A reflection from the immobile position

The average age of residents out here is high.  I have no idea what it is but my guess is that the median age is somewhere around 55.  Average maybe 40.  We seem to have a lot of 60-somethings.  More 60 plus than under 40, that is for sure.

Thank God we also have 70-somethings.  They are good to see.  Gives me some encouragement.  Something to aim for.

By the time one gets to 70 or so, one tends to slow down some and I am experiencing a bit of a preview of that what with my hip being all banged up.  Once again, I am projecting.  Sorry.  But seeing some active 70-somethings perks me up.  ‘Course there are 75 year-old marathoners and all that but your average doofus doesn’t do a lot very physical after 70.  Seventy, I think is the beginning of old age. OK, 75 fer sure.

I’ve been dwelling on age lately, it seems.  Sal says I am preoccupied.  She says I have been ‘sounding like an old geek’ for some time now. Easy for her to say – she could be the poster girl for Oil of Olay.  Hell, she could be the poster girl for Wilderness Yoga and Kayaker magazine!

I turn 65 in a few weeks and I guess I am just ‘coming to terms with it’ is all.  It doesn’t help (or maybe it does!) that I whacked out my hip and have been experiencing an accelerated sense of aging lately.  But I think it is more than that.  For me, 65 is a big number. A real milestone.

Last real milestone was 30.  I stopped trusting myself.

I have good reason to re-emphasize that thought: I am also setting a record for longevity on my Mother’s side of the family.  No one made it to 65.  Well, I will set the new record if I get past Christmas.  We had a few relatives tough it out into the last few months before their 65th.  But they never made it.  By Xmas, I am it.  I am #1.  Woohoo!  Still, that is a pretty low height that bar was set at, don’t you think?  Russians live longer!!

I’m not that freaked.  Not really.  My dad’s side stretched it out.  Mid 80’s for the most part.  Not my dad, actually.  Seventy-six for him.  But the rest of the family lasted longer.  ‘Course they were generally a wicked bunch and, it is said, that seems to help.  I’m counting on the wicked gene.  It’s my only hope.  I know it is there.

Anyway, this blog is about aging more than it is about me.  And here’s the point: Older people live more rural.  Younger people live urban.  It is not a hard and fast rule but I think it is generally true.  And it makes sense, kinda.  When you are young and trying to get into the gene pool, you go to where the genes are swimming.  And, of course, the more the merrier.  Ergo, the young swim in the city.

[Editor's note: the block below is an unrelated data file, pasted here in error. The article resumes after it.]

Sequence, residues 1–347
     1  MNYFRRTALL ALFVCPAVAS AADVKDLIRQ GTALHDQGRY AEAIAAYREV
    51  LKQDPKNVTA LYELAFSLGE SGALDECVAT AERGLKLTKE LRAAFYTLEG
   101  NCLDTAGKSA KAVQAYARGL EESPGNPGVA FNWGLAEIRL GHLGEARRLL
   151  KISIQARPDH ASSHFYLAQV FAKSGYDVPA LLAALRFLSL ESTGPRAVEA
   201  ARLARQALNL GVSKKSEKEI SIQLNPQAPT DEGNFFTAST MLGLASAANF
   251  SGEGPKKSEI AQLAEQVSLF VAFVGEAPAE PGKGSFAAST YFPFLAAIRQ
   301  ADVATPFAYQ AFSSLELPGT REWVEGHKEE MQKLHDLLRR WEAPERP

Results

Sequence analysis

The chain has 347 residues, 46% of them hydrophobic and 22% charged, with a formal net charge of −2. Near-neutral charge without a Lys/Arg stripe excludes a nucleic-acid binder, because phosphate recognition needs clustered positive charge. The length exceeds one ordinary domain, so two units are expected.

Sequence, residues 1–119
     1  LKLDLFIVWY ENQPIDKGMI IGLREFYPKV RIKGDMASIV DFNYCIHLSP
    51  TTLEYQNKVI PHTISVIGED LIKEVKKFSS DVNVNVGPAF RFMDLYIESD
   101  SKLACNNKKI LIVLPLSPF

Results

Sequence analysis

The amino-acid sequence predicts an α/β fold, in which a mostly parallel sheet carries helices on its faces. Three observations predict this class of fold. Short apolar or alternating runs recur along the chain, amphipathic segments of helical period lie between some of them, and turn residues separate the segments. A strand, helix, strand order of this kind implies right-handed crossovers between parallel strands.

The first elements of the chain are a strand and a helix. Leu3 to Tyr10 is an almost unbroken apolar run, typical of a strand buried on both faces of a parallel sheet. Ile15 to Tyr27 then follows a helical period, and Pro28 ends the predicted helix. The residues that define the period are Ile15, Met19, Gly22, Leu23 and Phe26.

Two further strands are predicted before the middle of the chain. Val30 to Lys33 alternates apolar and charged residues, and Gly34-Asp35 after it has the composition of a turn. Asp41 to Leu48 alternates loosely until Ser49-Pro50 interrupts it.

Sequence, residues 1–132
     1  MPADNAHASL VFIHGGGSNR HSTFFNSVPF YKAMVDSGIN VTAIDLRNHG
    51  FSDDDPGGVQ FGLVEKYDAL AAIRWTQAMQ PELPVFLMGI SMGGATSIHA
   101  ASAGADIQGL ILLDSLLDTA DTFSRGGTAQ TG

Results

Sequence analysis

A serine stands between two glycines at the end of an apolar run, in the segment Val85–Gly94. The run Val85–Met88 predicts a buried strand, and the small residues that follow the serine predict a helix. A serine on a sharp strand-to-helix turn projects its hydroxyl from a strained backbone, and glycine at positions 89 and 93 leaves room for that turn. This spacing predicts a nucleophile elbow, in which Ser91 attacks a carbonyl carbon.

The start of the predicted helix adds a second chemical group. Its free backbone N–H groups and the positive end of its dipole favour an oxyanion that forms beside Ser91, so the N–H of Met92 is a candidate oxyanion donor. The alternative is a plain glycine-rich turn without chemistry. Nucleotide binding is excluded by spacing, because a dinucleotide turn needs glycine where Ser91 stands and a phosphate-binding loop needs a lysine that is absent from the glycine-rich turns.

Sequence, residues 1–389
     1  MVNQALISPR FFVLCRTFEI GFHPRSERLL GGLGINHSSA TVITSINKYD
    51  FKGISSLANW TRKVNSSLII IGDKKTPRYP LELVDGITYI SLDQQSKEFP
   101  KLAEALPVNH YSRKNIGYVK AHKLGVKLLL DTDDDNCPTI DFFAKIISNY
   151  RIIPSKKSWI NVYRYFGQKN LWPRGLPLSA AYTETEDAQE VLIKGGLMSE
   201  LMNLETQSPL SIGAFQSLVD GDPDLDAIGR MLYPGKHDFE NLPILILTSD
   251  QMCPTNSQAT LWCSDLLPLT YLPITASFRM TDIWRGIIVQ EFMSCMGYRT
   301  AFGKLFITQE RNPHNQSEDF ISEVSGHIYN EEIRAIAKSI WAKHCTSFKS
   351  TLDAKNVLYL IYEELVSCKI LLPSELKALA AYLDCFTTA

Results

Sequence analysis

But once the genes have paired up, there is not as much reason to stay in the pool.  So, some head out to make a nest.  Some go far.  And that means some of them move out to the country.  That scenario, alone, makes for a slightly older group in the country.  Add to that the stereotypical cottagers who go to live in their lakeside home year round, the possibility of working by computer and the increasing pressures (and fears) in the urban infrastructure and there are more and more influences discharging the older into the country.

It may not show up in the numbers but I think that is because the numbers are dwarfed by the younger set still going in to the city.  The net flow of youth is in.  The net flow of old is out.  But there are more youth so the numbers don’t say it.

When you think about it, it is a reversal of the history of mankind.  In the past, it was the youth who headed out to find their fortune.  Today, it is the old who head out to find peace.  Frankly, I think fortune is overrated.  Anyway – at my age, maybe we should just give peace a chance?

1 thought on “A reflection from the immobile position

  1. Overschooled but undereducated is the lot of our youth. Most places in the undeveloped world youths are making a living and putting skills learned to use but not most of our Canadian youth. The reason the population out flow from the city is not youthful is they could not survive in the hinterland as you do. The youth are not prepared for the privations of solitude, fresh air and self-reliance as you have become.


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